Int. J. Radiat. Oncol. Biol. Phys. 2017 Mar 15
Treatment-Related Toxicity in Patients With Early-Stage Non-Small Cell Lung Cancer and Coexisting Interstitial Lung Disease: A Systematic Review.   
Definitive treatment for patients with early-stage non-small cell lung cancer (ES-NSCLC) is usually well tolerated. Patients with ES-NSCLC and coexisting interstitial lung disease (ILD) are at increased risk of severe treatment-related toxicity after definitive therapy. The main objective of this systematic review is to provide a pooled estimation of treatment-related mortality and ILD-specific toxicity in this population of patients and to identify trends for further study.
The MEDLINE and Embase databases were queried from respective dates of inception to January 2016. Studies that included patients who underwent definitive treatment for ES-NSCLC not combined with other treatments were included. Patients with oligometastases who were treated with aggressive palliation were included if it did not constitute the majority of patients in a specific study. The results were summarized with weighted proportions according to the sample size of individual studies.
Overall, 3056 records were reviewed and 50 journal articles were included in the abstraction. The weighted proportion of treatment-related mortality (and ILD-specific toxicity) in primarily medically inoperable patients was as follows: stereotactic ablative radiation therapy (SABR) 15.6% (25%), particle beam therapy 4.3% (18.2%) and radiofrequency ablation (RFA) 8.7% (25%). The data for medically operable patients who underwent surgery were extracted for reference. Treatment-related mortality and ILD-specific toxicity were 2.2% and 12%, respectively, in the surgical population. On analysis of reported SABR dose parameters, V20 ≤ 6.5% and mean lung dose ≤4.5 Gy were found to be metrics associated with reduced mortality.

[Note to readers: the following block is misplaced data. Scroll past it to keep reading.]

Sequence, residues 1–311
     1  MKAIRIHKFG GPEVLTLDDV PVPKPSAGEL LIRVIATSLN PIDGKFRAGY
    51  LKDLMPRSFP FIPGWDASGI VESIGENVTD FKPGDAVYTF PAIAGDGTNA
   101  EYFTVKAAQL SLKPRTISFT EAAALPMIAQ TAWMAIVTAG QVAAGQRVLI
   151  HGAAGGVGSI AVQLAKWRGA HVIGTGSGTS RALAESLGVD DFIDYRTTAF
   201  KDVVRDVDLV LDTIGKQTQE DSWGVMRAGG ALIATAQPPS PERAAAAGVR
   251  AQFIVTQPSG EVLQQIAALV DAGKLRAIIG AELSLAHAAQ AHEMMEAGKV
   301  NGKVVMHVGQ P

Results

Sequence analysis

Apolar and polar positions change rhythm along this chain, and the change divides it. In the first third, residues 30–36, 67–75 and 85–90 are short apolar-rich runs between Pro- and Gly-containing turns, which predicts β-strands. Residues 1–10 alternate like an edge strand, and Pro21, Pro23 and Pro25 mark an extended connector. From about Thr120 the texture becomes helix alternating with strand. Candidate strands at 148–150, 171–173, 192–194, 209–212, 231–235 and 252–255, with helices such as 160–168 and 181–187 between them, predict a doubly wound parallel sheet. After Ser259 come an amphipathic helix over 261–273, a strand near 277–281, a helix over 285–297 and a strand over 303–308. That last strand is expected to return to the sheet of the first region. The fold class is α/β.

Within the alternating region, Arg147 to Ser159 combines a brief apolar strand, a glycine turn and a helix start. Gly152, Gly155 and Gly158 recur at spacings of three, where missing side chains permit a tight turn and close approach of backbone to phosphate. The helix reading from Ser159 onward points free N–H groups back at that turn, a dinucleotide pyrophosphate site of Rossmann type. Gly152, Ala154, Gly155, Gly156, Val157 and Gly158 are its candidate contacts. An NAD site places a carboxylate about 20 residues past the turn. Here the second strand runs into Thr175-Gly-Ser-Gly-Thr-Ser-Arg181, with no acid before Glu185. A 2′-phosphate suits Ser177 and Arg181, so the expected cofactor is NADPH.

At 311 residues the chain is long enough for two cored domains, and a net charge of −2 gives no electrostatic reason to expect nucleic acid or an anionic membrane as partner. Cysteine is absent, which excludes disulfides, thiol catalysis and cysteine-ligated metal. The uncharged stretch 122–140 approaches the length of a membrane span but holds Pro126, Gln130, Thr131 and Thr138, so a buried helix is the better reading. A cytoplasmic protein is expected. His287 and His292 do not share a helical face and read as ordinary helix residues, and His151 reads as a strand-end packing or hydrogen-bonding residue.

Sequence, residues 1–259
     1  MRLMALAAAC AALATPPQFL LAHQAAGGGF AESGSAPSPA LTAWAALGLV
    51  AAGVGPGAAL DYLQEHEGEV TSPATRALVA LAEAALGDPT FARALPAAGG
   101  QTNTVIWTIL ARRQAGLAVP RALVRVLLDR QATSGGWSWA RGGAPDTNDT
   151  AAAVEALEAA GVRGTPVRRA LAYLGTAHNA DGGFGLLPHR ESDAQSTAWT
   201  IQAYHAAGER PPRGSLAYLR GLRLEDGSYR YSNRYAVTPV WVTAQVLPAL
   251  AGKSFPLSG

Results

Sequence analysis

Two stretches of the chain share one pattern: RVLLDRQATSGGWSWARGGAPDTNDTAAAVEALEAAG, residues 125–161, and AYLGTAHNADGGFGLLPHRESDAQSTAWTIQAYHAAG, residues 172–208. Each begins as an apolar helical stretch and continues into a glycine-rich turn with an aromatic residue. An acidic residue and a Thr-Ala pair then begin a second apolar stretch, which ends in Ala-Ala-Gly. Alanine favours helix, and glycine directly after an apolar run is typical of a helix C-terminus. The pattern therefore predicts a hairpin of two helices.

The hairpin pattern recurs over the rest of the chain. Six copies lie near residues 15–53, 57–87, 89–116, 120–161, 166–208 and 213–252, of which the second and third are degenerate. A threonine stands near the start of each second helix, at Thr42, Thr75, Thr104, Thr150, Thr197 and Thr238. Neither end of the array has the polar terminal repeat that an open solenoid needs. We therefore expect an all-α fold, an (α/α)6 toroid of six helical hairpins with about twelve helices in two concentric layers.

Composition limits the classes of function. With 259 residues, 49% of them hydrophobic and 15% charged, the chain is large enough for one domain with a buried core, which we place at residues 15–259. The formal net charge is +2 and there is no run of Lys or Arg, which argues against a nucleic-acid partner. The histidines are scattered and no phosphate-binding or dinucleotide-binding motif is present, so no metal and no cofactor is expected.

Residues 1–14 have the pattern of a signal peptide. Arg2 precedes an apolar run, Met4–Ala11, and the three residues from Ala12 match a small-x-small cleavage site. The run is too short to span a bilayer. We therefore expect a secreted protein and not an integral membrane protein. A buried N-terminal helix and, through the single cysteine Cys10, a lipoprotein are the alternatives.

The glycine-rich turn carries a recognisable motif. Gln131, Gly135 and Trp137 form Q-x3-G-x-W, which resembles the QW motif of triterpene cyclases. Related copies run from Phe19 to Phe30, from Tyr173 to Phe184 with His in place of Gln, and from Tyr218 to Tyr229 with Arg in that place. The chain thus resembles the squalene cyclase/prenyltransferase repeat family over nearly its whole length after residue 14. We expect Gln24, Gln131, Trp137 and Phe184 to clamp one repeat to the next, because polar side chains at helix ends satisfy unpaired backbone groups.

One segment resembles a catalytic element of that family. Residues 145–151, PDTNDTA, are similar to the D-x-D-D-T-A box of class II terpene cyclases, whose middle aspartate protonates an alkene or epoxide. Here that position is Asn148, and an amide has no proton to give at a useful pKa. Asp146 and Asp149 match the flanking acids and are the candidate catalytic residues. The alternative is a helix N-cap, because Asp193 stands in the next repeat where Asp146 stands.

A consistently high level of treatment-related mortality and ILD-specific toxicity was observed in primarily medically inoperable patients treated with SABR, particle beam therapy, and RFA. For these patients, curative treatment should be considered in the context of the high toxicity rates and overall poor prognosis. Stringent radiation dosimetric parameters may result in reduced toxicity.

Related Questions

Specifically in O2-dependent patients? Have any dose/fractionation regimens been shown to reduce the risk of pneumonitis in this population?

How about for non-UIP vs UIP? Non-improvement of ILD with steroids? Specifically in O2-dependent patients? Does the volume of ILD sway your decision (...